GLASGOW City’s trip to Kazakhstan tomorrow morning is going to be an eye-opener even for a club which has competed in Europe for each of the last 10 seasons. Not that Kazakhstan is actually in Europe, but the former Asian Football Confederation country was admitted to Uefa in 2002.
The 26-strong Champions League party depart from Glasgow Airport for the 4200 mile, 14-hour, trip to Shymkent via London and Moscow. The Kazakh city is south-east of Astana, where Celtic played this season, and logistically it is a far more difficult trip than that undertaken by the Scottish men’s champions.
Once there, Scott Booth and his players will stay in UK time, which is five hours behind that of the host nation. According to Carol Anne Stewart, the Glasgow City co-founder, it took all her considerable powers of persuasion before the team hotel agreed to serve meals in the middle of their night.
“It took me about five days,” she reports, “but eventually they gave in.”
For Booth and the players the task is to keep the tie alive for the second leg at Petershill Park a week on Thursday. BIIK-Kazygurt also have considerable European experience and reached the last 32 by winning all three qualifying group games with just one goal conceded.
Wednesday’s tie, at the Namyz Stadium, kicks off at 10am UK time and City, whose squad is not as deep as in recent years, will be without Scotland‘s most capped outfield player Jo Love and under-19 internationalist Sam Kerr.
Love has been unable to get time off work, while fellow central midfielder Kerr suffered an ankle injury against Spartans last Sunday. The more encouraging news for City is that they played their most commanding football of the season in beating Hibs 1-0 in Thursday night’s re-arranged league game.
“If we play to our best we have a good chance,” Booth says. “The travelling is not ideal, and is going to take a bit out of us, but the biggest issue is handling Kazygurt as a team.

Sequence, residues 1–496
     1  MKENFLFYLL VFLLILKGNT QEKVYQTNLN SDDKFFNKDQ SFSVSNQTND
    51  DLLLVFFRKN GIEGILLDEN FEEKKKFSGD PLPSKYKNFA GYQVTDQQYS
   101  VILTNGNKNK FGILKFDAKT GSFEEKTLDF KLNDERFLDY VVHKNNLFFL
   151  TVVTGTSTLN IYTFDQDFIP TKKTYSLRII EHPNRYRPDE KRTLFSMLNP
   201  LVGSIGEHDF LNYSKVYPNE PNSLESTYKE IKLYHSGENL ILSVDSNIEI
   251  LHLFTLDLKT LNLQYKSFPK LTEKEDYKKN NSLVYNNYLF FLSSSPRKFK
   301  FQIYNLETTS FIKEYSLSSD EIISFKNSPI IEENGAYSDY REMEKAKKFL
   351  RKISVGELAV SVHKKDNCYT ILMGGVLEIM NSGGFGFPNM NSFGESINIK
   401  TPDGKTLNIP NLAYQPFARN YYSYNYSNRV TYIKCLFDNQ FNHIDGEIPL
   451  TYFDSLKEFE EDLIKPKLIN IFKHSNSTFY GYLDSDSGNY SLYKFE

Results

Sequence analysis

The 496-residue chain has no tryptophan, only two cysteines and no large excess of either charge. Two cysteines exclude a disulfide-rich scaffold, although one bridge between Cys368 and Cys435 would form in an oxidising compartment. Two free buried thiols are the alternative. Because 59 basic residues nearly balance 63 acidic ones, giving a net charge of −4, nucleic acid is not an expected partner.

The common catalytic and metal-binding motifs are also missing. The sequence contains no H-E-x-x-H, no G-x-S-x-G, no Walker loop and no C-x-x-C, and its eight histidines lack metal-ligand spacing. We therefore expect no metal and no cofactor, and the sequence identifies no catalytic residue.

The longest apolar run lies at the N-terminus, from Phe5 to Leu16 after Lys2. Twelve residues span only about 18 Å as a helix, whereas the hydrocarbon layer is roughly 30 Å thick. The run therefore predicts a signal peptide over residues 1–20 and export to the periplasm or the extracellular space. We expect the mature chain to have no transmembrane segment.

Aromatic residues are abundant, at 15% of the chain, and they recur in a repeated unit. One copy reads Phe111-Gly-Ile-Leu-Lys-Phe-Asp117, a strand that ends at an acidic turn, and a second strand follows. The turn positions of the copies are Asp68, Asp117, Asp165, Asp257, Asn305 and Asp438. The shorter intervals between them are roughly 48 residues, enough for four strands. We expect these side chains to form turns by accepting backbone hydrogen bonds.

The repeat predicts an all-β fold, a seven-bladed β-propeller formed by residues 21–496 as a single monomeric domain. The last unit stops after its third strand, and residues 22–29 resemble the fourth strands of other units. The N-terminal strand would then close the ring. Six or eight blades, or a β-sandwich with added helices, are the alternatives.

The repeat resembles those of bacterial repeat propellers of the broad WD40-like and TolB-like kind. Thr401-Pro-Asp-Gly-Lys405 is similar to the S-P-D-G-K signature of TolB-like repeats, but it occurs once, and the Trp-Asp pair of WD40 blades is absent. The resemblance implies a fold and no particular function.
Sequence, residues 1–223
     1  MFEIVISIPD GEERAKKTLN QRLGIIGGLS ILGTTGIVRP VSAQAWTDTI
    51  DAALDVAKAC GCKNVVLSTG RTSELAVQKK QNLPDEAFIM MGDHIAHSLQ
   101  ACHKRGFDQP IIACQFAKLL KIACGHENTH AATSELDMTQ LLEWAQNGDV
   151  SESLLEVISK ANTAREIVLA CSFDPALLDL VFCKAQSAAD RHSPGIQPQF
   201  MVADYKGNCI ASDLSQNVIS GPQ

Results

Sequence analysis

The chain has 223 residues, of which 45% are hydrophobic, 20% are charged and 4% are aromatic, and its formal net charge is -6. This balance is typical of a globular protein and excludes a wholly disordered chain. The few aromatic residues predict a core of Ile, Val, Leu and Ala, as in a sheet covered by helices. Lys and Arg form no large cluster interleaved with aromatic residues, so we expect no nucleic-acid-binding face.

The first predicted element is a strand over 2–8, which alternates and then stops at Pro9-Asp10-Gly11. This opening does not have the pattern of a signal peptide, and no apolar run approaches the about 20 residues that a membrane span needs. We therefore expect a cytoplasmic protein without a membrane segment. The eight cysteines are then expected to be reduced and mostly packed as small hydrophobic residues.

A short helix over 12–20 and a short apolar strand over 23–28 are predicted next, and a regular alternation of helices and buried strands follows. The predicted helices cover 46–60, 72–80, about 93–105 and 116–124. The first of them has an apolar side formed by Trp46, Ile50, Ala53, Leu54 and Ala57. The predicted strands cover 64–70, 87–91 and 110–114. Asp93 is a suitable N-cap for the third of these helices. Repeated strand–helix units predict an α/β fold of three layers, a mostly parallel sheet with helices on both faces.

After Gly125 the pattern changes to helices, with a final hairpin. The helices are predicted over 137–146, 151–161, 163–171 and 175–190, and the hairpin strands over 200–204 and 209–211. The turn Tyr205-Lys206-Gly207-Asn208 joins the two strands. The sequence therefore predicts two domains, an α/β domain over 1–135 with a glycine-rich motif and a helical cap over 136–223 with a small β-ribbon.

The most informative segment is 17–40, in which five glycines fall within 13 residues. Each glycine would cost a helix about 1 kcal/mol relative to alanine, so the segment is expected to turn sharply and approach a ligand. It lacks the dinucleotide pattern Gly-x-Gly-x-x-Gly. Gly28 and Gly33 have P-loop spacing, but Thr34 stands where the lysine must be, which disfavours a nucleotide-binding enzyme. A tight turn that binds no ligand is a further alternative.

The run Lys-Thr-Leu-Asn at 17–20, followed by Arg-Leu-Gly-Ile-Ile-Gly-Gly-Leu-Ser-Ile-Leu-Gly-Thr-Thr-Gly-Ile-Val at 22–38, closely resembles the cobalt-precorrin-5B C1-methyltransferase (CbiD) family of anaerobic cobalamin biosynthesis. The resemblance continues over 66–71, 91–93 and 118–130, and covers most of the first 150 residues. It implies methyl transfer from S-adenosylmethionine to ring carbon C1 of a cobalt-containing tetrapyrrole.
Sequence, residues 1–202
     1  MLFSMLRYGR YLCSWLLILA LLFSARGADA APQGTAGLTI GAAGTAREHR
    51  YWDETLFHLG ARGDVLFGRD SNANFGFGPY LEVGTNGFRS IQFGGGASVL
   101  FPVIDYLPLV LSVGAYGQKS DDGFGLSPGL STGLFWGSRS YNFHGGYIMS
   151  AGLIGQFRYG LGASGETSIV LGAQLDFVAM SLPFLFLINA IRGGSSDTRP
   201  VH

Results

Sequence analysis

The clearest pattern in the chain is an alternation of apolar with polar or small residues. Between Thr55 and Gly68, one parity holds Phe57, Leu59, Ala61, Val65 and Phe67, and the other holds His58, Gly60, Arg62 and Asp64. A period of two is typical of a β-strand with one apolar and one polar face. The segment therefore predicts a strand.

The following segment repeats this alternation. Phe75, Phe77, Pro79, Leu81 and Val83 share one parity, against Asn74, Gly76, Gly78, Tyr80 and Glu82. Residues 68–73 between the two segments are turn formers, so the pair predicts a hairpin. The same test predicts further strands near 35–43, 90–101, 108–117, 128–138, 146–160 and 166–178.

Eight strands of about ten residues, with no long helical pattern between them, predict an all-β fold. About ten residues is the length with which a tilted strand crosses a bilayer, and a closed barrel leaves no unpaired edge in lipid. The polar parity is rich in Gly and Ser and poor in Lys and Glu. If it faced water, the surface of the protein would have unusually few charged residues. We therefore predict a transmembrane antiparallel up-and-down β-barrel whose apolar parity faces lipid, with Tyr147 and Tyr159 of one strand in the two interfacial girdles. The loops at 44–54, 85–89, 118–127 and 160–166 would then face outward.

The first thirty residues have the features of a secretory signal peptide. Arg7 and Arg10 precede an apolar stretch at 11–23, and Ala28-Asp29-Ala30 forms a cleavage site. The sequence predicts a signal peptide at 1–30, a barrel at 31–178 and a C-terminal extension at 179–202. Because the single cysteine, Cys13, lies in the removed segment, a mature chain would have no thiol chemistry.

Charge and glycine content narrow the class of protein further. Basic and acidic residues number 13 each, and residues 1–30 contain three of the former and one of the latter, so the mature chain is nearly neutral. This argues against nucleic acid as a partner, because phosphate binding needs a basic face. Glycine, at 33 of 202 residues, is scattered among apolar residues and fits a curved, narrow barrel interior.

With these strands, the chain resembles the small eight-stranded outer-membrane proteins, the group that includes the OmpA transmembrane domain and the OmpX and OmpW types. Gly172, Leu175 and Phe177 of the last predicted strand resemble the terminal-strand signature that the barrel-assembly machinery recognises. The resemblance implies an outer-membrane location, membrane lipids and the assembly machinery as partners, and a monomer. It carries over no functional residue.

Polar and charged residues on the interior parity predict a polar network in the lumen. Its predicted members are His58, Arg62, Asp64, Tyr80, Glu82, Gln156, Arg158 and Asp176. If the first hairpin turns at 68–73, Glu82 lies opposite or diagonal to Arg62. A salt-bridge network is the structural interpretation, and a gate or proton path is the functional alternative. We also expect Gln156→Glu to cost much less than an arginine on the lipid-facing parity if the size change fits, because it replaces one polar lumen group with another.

“They don’t have brilliant individuals, but they play in a very strict, disciplined manner and have players who suit the positions really well.”
IT took a mere 144 years, six months and 13 days to get there, but Tuesday’s announcement that Ana Stewart is to become the Scottish FA’s first female board member was welcome.
The SFA have really dragged their knuckles on this one. Britain’s first woman Prime Minister was installed in 1979 and until recently the leaders of the three main parties at Holyrood were females. Yet the SFA, founded in 1873, didn’t catch up with the times until late 2017.
The truth is it had become politically untenable to maintain an all-male boardroom any longer and the governing body had little option but to acknowledge that fact. Remarkably, their announcement made no mention of Stewart being the first woman director.
The appointee, who is from Dundee, has no obvious background in football, but is a non-executive director and has an impressive track record in innovative technologies. What’s important now is that she is not seen as the token woman and that the SFA board – characterised as being male, pale and stale – quickly embraces further diversity.
FINALLY, good news for Shelley Kerr ahead of this month’s World Cup qualifiers. Previously injured defenders Emma Mitchell, Jen Beattie and Rachel McLauchlan all played for their clubs last Sunday.